But not all of Twitter’s experiments are of the ‘A/B testing’ variety. It also has a department dedicated to experiments that it hopes will result in better user engagement and follow behavior. That department was responsible for the recent @Magicrecs account which used an algorithm to recommend you accounts to follow and tweets to read. This feature was recently folded into the apps themselves as a push notification that will function in much the same way.

Another test which could see its way into the Twitter apps proper soon is these ‘trending’ banners for TV shows that have been appearing at the top of app users’ timelines. The banners come in a variety of flavors that feature show information, a click-through action that reveals relevant accounts and tweets and more.

This is what Twitter learned from #Music. Rather than launching a separate #TV app, it seems much more likely at this point that Twitter will keep any new television-oriented features it launches ‘in house’ in the official apps.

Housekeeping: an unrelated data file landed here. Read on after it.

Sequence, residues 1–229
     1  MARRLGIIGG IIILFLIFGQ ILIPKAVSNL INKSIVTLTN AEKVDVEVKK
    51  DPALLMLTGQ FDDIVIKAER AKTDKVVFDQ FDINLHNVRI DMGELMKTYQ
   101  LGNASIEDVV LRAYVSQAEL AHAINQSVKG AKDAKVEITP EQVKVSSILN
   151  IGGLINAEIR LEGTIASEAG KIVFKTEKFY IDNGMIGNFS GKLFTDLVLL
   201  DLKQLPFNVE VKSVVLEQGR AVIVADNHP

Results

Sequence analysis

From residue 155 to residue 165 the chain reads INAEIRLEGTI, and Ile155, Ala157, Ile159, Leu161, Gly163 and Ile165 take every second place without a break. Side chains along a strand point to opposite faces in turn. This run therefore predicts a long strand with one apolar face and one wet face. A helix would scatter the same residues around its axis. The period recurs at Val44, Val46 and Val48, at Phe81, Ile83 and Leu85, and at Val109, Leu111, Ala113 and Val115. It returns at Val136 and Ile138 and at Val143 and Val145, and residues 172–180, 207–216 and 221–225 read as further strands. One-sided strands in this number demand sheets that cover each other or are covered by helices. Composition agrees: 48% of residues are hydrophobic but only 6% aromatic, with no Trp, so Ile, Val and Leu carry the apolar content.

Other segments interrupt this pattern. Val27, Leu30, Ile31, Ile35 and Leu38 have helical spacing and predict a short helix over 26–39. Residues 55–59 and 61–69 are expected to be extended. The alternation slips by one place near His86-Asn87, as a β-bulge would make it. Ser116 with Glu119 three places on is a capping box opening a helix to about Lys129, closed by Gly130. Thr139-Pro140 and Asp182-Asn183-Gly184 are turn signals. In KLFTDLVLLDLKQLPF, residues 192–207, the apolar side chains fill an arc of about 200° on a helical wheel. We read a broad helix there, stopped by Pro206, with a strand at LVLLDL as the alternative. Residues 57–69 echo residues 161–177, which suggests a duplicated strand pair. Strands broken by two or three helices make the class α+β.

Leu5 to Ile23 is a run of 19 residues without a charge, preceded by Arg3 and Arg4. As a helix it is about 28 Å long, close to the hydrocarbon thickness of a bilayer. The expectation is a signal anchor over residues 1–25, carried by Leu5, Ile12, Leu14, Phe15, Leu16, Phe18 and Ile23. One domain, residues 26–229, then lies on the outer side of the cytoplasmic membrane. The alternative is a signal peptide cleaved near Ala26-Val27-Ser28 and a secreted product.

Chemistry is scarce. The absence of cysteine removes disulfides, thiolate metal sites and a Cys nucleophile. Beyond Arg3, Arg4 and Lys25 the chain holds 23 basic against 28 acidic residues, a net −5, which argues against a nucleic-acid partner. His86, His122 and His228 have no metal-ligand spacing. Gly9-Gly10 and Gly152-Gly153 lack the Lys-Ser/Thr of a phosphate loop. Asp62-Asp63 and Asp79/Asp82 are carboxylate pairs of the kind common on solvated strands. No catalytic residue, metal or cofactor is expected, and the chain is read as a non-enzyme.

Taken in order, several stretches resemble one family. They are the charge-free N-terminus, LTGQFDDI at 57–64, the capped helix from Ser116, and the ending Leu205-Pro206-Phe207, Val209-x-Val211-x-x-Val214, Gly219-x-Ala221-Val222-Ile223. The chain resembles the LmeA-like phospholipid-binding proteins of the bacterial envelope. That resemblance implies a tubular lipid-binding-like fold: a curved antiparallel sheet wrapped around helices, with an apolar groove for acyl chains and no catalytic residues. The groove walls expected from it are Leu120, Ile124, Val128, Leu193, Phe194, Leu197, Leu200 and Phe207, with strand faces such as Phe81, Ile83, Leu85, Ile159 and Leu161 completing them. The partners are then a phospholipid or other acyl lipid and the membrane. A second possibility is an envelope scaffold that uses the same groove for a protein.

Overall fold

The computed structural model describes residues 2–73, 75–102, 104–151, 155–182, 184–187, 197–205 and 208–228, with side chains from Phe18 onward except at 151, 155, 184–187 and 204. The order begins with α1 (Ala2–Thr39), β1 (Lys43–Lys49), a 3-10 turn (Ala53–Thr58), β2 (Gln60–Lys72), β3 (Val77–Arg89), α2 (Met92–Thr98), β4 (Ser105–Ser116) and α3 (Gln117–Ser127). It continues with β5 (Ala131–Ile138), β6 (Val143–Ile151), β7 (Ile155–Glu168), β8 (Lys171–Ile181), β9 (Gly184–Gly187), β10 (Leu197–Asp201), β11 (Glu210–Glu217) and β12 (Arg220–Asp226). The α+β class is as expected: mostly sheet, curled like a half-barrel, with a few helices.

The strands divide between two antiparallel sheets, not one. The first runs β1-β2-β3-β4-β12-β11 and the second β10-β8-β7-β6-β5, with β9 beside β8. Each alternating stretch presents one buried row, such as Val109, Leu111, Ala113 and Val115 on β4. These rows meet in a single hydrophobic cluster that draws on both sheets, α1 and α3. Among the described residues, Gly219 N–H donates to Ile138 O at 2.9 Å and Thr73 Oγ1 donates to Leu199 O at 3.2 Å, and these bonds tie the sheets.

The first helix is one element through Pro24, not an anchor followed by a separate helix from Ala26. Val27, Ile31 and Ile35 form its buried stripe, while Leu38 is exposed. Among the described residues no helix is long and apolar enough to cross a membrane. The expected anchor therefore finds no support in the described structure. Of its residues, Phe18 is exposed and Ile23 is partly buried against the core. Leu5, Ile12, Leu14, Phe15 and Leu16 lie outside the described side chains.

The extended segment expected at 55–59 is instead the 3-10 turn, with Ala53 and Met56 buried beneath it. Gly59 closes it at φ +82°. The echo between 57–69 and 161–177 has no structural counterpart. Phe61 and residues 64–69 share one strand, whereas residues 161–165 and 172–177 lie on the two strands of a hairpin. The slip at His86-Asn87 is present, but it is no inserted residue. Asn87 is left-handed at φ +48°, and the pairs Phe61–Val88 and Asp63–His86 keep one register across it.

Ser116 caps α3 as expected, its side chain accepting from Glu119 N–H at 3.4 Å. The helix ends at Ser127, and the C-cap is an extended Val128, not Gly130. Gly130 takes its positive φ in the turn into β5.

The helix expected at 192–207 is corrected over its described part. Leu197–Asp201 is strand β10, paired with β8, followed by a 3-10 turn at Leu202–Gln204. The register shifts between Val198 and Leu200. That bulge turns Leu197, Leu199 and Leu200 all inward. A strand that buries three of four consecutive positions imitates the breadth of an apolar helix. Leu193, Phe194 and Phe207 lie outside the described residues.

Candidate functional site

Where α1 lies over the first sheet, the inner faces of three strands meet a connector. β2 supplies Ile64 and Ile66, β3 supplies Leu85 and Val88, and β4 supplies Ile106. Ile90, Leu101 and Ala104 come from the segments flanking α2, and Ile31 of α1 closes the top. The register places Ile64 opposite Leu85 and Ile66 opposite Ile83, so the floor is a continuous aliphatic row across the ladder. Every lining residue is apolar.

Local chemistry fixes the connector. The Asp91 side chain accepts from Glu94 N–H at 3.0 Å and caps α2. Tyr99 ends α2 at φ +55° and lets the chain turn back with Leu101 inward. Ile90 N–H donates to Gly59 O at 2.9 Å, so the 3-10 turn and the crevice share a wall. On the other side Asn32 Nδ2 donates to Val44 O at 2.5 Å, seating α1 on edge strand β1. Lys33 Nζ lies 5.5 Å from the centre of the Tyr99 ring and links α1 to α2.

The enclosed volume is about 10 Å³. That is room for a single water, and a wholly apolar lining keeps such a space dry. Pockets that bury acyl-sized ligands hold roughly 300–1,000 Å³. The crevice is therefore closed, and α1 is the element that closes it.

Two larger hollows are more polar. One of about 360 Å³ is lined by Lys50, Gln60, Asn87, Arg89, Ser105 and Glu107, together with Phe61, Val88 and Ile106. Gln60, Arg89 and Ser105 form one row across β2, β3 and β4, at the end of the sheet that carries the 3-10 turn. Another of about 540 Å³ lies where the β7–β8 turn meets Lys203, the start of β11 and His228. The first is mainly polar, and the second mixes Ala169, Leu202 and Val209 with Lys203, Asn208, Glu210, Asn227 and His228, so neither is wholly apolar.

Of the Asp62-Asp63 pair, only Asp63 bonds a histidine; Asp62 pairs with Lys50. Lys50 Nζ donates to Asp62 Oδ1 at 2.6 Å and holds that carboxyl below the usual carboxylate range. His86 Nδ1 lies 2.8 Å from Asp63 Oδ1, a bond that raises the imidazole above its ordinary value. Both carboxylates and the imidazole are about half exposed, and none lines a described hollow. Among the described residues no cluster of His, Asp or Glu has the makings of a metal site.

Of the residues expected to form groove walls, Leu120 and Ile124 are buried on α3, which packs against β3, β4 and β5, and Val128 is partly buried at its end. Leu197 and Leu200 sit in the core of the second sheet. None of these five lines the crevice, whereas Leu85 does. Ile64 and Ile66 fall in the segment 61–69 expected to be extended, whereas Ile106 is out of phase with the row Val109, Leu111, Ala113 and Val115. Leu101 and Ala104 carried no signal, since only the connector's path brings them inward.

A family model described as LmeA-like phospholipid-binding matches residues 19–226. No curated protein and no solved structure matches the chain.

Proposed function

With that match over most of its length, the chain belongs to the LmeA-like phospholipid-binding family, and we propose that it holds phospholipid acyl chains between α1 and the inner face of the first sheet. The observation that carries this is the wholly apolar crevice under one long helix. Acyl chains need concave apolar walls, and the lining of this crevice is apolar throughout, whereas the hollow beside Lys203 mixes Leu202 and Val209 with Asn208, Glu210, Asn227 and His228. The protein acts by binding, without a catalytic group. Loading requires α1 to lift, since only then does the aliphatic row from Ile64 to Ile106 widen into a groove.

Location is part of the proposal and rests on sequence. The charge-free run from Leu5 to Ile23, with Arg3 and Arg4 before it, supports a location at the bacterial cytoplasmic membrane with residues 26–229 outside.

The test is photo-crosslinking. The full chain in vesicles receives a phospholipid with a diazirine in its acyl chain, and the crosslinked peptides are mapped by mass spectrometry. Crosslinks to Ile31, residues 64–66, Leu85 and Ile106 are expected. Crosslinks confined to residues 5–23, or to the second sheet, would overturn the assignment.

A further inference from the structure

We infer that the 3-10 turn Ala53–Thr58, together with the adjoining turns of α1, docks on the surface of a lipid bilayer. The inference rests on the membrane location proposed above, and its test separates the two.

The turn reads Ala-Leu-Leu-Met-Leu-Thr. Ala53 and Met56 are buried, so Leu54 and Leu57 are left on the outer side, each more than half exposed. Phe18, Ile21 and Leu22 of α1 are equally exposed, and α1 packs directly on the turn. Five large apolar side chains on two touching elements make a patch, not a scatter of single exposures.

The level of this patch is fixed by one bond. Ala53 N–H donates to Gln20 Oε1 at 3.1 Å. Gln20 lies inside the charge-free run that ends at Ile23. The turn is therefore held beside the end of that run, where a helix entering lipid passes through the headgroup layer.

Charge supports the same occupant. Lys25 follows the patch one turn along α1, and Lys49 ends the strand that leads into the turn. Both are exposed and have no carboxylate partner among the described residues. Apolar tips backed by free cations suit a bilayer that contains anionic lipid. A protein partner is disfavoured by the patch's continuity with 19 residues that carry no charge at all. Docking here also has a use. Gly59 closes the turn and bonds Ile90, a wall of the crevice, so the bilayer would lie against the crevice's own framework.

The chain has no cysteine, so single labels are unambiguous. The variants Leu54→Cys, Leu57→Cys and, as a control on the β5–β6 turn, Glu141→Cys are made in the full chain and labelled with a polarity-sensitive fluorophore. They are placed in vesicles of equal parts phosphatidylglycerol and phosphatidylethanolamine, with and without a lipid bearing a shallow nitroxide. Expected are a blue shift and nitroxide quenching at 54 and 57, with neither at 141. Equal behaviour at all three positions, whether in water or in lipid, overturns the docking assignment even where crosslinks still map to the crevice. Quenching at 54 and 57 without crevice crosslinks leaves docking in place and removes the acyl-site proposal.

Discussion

The feature might look a little like the above (fake) mockup, though recent reports via All Things D pin down the new design as having no buttons, offering a swipe-able interface of feeds. That might make sense on the iPhone, but not so much on the iPad. We’ll see how that shakes down in the final version, given Twitter’s penchant for experimentation.

In our hypothetical mockup of the app above, you’ll note that TV gets its own section outside of Discover. I’m up in the air on this one, as I haven’t heard either way, but giving TV its very own feed outside of the traditional ‘Discover’ tab makes some sense. Especially given how important television has become to Twitter.

Each show in the feed could be paired with tweets about it, including synopsis or analysis articles alongside tweets from ‘regular folks’ just chatting about the show. Perhaps even media embedded in tweets with highlights of a program. The message of the whole thing would be very clear though: this is a conversation happening right now and you can join it.